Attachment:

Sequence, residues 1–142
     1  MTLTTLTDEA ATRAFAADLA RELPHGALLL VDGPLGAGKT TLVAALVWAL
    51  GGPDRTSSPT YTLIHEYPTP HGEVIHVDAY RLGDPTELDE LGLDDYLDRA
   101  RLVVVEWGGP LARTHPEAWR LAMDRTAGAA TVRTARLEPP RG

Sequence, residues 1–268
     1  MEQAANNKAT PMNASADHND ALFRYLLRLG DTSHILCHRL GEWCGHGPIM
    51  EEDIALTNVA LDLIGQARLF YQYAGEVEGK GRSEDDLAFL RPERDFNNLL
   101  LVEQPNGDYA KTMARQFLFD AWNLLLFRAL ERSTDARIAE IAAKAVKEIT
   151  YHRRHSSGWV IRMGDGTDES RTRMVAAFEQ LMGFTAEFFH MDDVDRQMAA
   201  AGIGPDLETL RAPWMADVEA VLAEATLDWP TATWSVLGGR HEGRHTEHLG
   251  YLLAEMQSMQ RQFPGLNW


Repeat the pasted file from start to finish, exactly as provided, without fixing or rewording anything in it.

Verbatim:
Sequence, residues 1–142
     1  MTLTTLTDEA ATRAFAADLA RELPHGALLL VDGPLGAGKT TLVAALVWAL
    51  GGPDRTSSPT YTLIHEYPTP HGEVIHVDAY RLGDPTELDE LGLDDYLDRA
   101  RLVVVEWGGP LARTHPEAWR LAMDRTAGAA TVRTARLEPP RG

Sequence, residues 1–268
     1  MEQAANNKAT PMNASADHND ALFRYLLRLG DTSHILCHRL GEWCGHGPIM
    51  EEDIALTNVA LDLIGQARLF YQYAGEVEGK GRSEDDLAFL RPERDFNNLL
   101  LVEQPNGDYA KTMARQFLFD AWNLLLFRAL ERSTDARIAE IAAKAVKEIT
   151  YHRRHSSGWV IRMGDGTDES RTRMVAAFEQ LMGFTAEFFH MDDVDRQMAA
   201  AGIGPDLETL RAPWMADVEA VLAEATLDWP TATWSVLGGR HEGRHTEHLG
   251  YLLAEMQSMQ RQFPGLNW